Boot Camp and Partitioning: Cooler than You Think?

Today Apple released a beta software package called Boot Camp to facilitate running Windows XP on an Intel-based Mac. I'm practically speechless. Which doesn't happen too often.

Apple's Boot Camp Beta: Brilliant!
(click for larger view)

Now we all know a few weeks ago this nut was already cracked by some enterprising young hackers, so we all knew it was possible, and in fact probable that installing and booting Windows on Mac would become a fairly trivial and commonplace happening. There were even rumors that the next version of the Mac OS would provide "virtualization" software for running Windows in an emulated environment from within Mac OSX. But I have to admit I was quite taken aback by today's news. Official support from Apple for installing and running Windows on the Mac.


Dual Booting
(click for larger view)

One of the best things about all this is the fact that Apple is providing Windows drivers for Mac-specific hardware. So you no longer need to search the internet to find them. But to me, coolest thing is the portion of the assistant that creates the partitions. Here, for the first time in Mac OS history (at least that I'm aware of), we see an Apple-branded utility that will partition your drive without erasing it. It's uber-smart of Apple to provide this functionality for people who want to test this out without the inconvenience of a full system reinstall. But it also has immensely cool implications if partitions are as important to you as they are to me, or if you happen to use an Xserve RAID. I'll explain.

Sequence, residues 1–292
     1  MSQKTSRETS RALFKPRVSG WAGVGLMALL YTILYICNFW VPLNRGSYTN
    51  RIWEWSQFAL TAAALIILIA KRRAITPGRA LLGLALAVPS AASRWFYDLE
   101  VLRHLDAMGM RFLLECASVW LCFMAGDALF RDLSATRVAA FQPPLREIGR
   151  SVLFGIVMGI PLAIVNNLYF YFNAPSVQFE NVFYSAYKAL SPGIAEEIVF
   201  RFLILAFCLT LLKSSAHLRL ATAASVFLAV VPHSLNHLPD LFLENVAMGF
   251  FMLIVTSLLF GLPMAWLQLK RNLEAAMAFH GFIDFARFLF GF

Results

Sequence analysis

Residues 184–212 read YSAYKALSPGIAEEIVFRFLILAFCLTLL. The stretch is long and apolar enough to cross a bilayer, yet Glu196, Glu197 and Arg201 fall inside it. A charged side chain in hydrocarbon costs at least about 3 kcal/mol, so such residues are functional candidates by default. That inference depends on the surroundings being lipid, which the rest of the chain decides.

Space Maker: The Caption Says it All
(click for larger view)